With that in mind, let’s take a look at the rest of this bill -– the part that won’t appear on the ballot this November.
“All traffickers would have to register as sex offenders, and all registered sex offenders in the state, whether their convictions are for trafficking or other offenses, would have to disclose their Internet providers and online identities to law enforcement agencies. The measure also mandates new training for law enforcement officers.”
I realize it’s hard to overcome the knee-jerk “sex offender, bad!” reaction that all discussions about trafficking seem to elicit. I am, in no way, in favor of sex offenders having unfettered access to those they would victimize, particularly in ways that would put them in positions power. But I fail to see how automatically seizing the passwords of everyone on the sex offender registry, even if their crime had nothing to do with the Internet, is not a gross violation of privacy rights. This is the part of the bill that’s made the ACLU awfully uneasy; like me, they’re not huge fans of the “give us all your Twitter passwords” judicial system.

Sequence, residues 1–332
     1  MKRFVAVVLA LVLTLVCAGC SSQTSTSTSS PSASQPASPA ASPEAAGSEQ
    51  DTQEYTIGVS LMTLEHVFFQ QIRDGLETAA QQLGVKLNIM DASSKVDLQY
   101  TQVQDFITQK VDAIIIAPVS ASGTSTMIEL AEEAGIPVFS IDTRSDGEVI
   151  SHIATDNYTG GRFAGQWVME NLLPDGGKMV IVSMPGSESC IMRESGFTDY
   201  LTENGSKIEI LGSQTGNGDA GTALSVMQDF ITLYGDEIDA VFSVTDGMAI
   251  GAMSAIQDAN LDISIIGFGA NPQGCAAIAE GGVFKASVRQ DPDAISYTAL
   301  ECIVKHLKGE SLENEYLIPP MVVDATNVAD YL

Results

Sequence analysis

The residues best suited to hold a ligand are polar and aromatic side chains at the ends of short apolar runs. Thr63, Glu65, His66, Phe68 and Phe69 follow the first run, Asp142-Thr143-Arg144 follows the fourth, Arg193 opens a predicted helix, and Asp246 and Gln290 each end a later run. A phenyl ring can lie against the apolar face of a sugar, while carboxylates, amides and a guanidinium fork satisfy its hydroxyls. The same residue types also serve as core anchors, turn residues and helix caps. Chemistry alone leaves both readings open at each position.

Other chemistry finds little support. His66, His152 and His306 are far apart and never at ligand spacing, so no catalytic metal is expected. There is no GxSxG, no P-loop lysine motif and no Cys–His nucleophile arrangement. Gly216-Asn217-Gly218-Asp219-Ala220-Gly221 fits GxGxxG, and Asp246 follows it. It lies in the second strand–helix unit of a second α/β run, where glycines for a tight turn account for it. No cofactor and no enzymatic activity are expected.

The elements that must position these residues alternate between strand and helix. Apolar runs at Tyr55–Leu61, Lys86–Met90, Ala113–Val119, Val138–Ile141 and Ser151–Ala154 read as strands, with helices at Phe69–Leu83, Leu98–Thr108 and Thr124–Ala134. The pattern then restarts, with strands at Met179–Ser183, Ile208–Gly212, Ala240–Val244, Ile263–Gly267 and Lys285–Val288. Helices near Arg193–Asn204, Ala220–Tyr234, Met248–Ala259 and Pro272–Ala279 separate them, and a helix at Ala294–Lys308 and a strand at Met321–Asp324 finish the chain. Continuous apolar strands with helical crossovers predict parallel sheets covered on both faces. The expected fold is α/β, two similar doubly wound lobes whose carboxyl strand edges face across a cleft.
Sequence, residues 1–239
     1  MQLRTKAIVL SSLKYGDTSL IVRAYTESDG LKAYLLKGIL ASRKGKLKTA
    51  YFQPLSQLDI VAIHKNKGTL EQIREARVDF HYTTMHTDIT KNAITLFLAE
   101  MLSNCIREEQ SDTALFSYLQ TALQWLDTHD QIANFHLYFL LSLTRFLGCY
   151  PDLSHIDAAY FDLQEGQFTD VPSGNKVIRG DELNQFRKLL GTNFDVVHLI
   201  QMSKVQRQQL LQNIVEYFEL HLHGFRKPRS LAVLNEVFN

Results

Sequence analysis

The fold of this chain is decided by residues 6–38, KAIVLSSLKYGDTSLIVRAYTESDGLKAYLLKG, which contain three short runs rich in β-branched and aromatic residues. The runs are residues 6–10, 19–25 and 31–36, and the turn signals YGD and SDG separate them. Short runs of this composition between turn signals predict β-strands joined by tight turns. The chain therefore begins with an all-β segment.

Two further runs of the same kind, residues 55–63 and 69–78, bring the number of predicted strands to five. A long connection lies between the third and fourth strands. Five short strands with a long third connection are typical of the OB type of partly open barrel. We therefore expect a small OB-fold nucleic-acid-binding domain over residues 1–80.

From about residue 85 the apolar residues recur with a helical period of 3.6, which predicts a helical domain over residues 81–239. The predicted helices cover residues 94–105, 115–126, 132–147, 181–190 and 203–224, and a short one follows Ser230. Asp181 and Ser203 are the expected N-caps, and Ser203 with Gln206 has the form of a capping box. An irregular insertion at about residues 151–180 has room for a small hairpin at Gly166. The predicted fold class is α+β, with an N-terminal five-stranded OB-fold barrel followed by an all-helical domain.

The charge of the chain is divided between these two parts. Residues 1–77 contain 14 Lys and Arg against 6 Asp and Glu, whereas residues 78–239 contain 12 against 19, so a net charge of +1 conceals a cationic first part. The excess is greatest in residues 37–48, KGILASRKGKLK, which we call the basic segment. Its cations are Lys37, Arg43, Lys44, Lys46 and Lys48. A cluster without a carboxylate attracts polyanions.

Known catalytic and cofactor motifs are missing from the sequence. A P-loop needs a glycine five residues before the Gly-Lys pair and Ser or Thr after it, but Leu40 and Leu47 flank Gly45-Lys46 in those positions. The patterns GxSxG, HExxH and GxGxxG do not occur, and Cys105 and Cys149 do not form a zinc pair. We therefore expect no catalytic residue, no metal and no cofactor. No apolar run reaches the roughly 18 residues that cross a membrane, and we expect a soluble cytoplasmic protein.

For me, though, the more dangerous part of the proposition is the one that actually defines human trafficking. Right now, the proposed law defines trafficking as "substantial and sustained restriction of another's liberty accomplished through force, fear, fraud, deceit, coercion, violence, duress, menace, or threat of unlawful injury to the victim or to another person." As the Bay Guardian points out, that’s an awfully complicated definition for something that could conceivably lead to 15 years in prison or exorbitant fines.